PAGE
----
Why the Party Down Revival Works So Well
A reboot so good, it's worth the Starz subscription.
The TV landscape is riddled with the corpses of disappointing reboots. When shows like Arrested Development or Gilmore Girls returned to screens, they just couldn't capture the magic of the originals. Something was off. The sequels weren't totally irredeemable, but it was oddly disappointing to see actors trying to slide into roles they had long ago left behind.
Party Down, the Starz comedy that ended in 2010, understands disappointment, which is maybe why its revival, more than a decade after it ended, is basically miraculous. The episodes are just as funny as they used to be, if not occasionally more so.
It might be appropriate to say it's almost as if no time had passed, but the dreaded march of the clock is one of the reasons why Party Down succeeds all these years later. This series has always been about people who don't achieve their dreams, stuck in cater waiter purgatory while they wait for their Hollywood careers to take off. The fact that so many of them are back in their pink bow ties in the new season is thoroughly depressing, but it only makes the humor sharper.
For the uninitiated, Party Down—created by John Enbom, Dan Etheridge, Paul Rudd (yes, that Paul Rudd), and Rob Thomas (of Veronica Mars)—follows the employees of a Los Angeles-based catering company as they pour drinks and serve apps at wild events all while hoping this is just a temporary gig on their way to stardom or maybe just a recurring role. At the center of this miserable crew is Henry Pollard (Adam Scott), best known for a beer commercial where he bellows, "Are we having fun yet?"—a phrase that has become torture for him thanks to people shouting it when he's just trying to disappear into the background of festivities.
When Party Down was first on the air it seemed barely anyone watched it, but over time its fanbase steadily grew, in part because it starred a bunch of hilarious geniuses most of whom have only gotten more famous over time. In addition to Scott, who was Henry before he was on Parks and Recreation or Severance, the initial cast included featured Ken Marino, Martin Starr, Ryan Hansen, Lizzy Caplan, and Jane Lynch, who had to leave during the first season to play Sue Sylvester on Glee. She was replaced first, briefly, by Jennifer Coolidge, and then by Megan Mullally.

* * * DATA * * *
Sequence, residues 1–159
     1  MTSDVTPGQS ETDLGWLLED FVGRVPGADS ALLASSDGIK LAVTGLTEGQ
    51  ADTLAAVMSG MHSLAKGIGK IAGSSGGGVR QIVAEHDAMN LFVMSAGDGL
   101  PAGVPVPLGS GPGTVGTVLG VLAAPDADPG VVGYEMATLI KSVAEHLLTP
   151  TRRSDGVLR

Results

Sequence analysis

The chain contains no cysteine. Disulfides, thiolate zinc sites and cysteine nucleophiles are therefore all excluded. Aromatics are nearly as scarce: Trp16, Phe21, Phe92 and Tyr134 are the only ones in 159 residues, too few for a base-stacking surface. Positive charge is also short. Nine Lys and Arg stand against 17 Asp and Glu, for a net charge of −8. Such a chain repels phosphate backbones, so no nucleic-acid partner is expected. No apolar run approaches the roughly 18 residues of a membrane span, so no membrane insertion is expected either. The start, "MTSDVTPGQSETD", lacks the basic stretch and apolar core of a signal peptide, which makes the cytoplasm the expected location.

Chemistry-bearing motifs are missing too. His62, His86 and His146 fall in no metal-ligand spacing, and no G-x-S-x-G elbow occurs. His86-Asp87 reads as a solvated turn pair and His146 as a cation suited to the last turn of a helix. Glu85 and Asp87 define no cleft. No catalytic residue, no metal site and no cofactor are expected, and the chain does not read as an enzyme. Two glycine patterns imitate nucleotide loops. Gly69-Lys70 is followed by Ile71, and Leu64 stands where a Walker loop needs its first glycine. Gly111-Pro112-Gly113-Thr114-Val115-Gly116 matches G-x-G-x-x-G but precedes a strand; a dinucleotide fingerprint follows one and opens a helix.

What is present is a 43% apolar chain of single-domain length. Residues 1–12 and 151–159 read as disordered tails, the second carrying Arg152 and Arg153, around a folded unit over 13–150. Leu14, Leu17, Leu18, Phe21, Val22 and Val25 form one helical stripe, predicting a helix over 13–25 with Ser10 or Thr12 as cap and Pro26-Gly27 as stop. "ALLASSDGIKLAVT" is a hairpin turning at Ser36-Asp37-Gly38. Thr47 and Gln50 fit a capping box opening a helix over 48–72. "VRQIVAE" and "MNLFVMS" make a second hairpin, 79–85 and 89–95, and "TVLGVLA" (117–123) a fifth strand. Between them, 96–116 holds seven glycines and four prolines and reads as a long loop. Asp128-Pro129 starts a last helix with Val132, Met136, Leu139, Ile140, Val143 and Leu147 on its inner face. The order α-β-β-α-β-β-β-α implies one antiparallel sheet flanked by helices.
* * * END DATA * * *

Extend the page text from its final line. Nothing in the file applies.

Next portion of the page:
The only one who doesn't return in 2023 is Caplan (she was too busy filming Fleishman Is In Trouble, but says she’d love to return for a fourth season, should there be one). As for the show’s in-universe explanation for her absence, we quickly learn that Caplan’s aspiring comedian Casey Klein got cast on SNL and has seen her career take off, making her too busy to come to the reunion that takes place in the premiere to celebrate Hansen's handsome doofus Kyle Bradway getting cast in a superhero movie. The only two members of the original group still working at Party Down are Marino's Ron Donald, the team leader who sees catering as his calling, and Starr's Roman DeBeers, the "hard sci fi" writer who has now turned to vlogging. Henry has gotten married and become an English teacher, while Lynch's Constance is now a rich widow and Mullally's Lydia is managing her daughter Escapade's successful acting career.